By: Cindy Jacobelli
Whistler Blackcomb is renowned for its skiing. A quick Internet search reveals it’s consistently in the list of best ski resorts in the world – considered number one by many. But not everyone’s a skier, a snowboarder or even all that into winter … period. If these reasons have kept you from checking it out, hesitate no more. Plan to visit these twin peaks in the off-season. Shutterbugs and adventure-seekers take note: there’s enough going on to keep everyone amused, whether you’re into physical activity or not! Even a weekend here is enough to make you feel like you’ve spent weeks away.
By air, you’ll fly into Vancouver, British Columbia, where you can opt for a car rental or a shuttle service. Perimeters Whistler Express offers a one-way fee from the airport for $34 to $59 CDN. Leaving from the city centre will take you through Stanley Park, Vancouver’s equivalent to Central Park. It’s one thousand acres of majestic evergreens, with hiking, biking, concerts and more. At the far side of the park, you’ll cross the Lions’ Gate Bridge, the namesake of the film studio that brought moviegoers the Oscar-winning films Gods and Monsters and Fahrenheit 9/11.
From there, you’ll join the Hwy 99 — Sea to Sky Highway — which provides gorgeous views of islands in the Pacific on one side and towering landscapes on the other. The 75-mile journey (120 kilometers) usually takes about an hour and a half. But with construction ramping up in preparation for the 2010 Winter Olympics, be prepared for delays. For the best drive times and updated closure and delay schedules, check out the .
One of the best-known hotels – but by no means the only reputable one – is the . Fairmont is known for taking historic buildings and turning them into luxurious hotels. This property is no exception. Nestled at the base of Blackcomb Mountain, this location is obviously not as old as the “hills” that surround it. But inside you’ll find a warm and luxurious space that recreates the sumptuous surroundings of another generation. For those with extra dollars and desire, the hotel offers the “Fairmont Gold” – a kind of hotel within the hotel. Staying on these floors will give you access to suites and a lounge with constantly replenished food and beverages, as well as an honor-system bar.
The suites themselves are an oasis, whether you’re weary from your journey up or worn out from a day of adventure in the village. Fatigue fades away as you enter your room, thanks to the soft, dulcet tones of jazz standards from Billie Holiday, Ella Fitzgerald, Rosemary Clooney and the like. If you love “Lounging with the Fairmont” (there are several compilations), they are available for purchase at any Fairmont location. In true chalet style, there’s a fireplace in the sitting room. But the added bonus is that there’s one in the bedroom, too. The separate closet /dressing area does invite you to unpack and stay a while. And the bathroom is spacious and equipped with Jacuzzi tub, multi-jet shower and his and hers sinks – a nice touch. Topping it off are the great toiletries from London-based Miller Harris. But here’s a question: What’s with the scale? Isn’t there a rule against weighing yourself on vacation? I know. It’s a two-part question.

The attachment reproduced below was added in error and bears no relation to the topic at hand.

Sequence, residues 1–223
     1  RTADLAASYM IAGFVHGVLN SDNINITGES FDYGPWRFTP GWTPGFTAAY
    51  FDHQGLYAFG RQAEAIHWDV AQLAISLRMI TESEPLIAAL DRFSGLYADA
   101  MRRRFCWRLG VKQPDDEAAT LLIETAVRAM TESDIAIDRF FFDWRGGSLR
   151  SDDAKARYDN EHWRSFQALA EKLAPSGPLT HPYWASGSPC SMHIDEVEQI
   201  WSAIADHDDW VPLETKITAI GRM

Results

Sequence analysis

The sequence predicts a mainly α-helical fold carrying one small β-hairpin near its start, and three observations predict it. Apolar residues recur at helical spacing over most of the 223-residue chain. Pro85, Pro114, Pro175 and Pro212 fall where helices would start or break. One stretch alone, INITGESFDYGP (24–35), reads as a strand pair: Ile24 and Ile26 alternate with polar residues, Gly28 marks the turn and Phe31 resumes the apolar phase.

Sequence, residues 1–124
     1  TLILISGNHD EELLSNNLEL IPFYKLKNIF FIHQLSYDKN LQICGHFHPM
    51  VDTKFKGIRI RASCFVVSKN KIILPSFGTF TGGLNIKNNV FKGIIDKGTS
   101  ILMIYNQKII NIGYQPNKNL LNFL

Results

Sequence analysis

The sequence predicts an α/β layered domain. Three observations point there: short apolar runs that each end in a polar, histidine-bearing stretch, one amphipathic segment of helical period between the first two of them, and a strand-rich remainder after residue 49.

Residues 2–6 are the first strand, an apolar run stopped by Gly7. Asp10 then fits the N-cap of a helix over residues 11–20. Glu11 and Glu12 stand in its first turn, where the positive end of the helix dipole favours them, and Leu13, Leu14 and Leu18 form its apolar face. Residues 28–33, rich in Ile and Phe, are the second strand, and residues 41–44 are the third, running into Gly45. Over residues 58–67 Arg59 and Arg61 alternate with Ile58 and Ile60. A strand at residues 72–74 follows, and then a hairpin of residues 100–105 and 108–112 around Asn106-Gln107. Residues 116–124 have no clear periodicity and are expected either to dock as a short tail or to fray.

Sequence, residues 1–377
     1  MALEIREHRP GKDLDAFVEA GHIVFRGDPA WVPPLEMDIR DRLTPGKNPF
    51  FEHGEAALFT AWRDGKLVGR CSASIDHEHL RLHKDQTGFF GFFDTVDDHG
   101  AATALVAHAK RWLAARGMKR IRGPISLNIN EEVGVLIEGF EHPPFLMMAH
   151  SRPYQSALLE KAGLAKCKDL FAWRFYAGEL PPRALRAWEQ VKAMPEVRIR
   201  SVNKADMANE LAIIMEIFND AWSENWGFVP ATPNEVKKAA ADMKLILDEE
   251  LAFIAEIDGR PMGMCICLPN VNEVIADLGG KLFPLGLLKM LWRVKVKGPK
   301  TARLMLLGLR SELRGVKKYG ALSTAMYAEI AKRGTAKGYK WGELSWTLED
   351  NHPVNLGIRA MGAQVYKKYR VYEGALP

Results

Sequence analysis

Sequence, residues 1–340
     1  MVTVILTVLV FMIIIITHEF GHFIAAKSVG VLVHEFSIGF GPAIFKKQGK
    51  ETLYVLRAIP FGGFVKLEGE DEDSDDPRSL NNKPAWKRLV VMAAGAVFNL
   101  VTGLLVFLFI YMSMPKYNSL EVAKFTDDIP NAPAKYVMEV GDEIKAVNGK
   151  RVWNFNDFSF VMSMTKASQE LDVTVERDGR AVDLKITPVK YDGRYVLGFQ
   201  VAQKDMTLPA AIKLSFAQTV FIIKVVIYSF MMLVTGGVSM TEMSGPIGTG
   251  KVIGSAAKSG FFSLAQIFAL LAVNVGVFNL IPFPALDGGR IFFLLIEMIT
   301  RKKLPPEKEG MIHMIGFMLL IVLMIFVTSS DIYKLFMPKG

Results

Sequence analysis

A much handier – and less guilt-inducing amenity – are the complimentary umbrellas, especially since there was rain during our two-day visit. Of course, you can hole up in the coziness of your room with a bottle of wine, the fireplace and a complimentary movie selection from the lounge. But resist the urge. Even in the rain, there’s plenty to see and do.
Whistler Village is a five-minute walk from the Fairmont, across the street, into a tiny valley, past a babbling creek and covered bridge. Deck chairs by the creek tempt you to stop and smell the cedars. But there are hotel and village shuttles, if you prefer. Even on a gray, wet day, the fall colors pop, inviting you further and further into the village. Here you’ll find over 200 shops selling everything from high-end fashion to hi-tech gear. And of course there are requisite coffee shops, bars and restaurants. We heard a lot of Australian accents around the village, especially among the staff. It turns out that Canada and Australia have a mutual yearlong working visa program that means lots of people from Down Under head Way Up to Whistler. There are a lot of British and German accents, too. In fact, most staff have their place of origin on their name tags, which is a great conversation starter.
The Village is also the hub of all mountain activities. Visit the Whistler Gondola Building or The Carleton Lodge for information on your next adventure.
MOUNTAIN BIKE PARK
Who needs snow? Skiing is not the only way to get down this mountain. In the off-season, over 200 kilometers of ski trails become bike trails and there are plenty of road warriors willing to carve their way to the bottom. In fact, this bike park is considered one of the best in the world. Bike trails are color-coded just like ski trails – green for easy, black diamond for expert. Bring your own bike or rent one starting around $50 for youth and $65 for adults. Of course, if you’re going to take on the trails, body armor is a must and is also available for rent.
Heading up by lift there are signs reminding you which stop is yours! Even if you’re not a biker yourself, it’s fun to watch these guys come flying down the mountainside and wonder if you can find your inner daredevil. If you’re brave enough to try, the Bike Park offers lessons. Check out the Air Dome, an 8400-square-foot indoor facility where you can practice your skills, falling into harmless foam pits if you take a spill.
If recreational “valley” biking is more your speed, 45 miles (28 kilometers) of trails offer spectacularly scenic rides. Bike rentals range in cost from $10 CDN for an hour up to $35 CDN for a full day.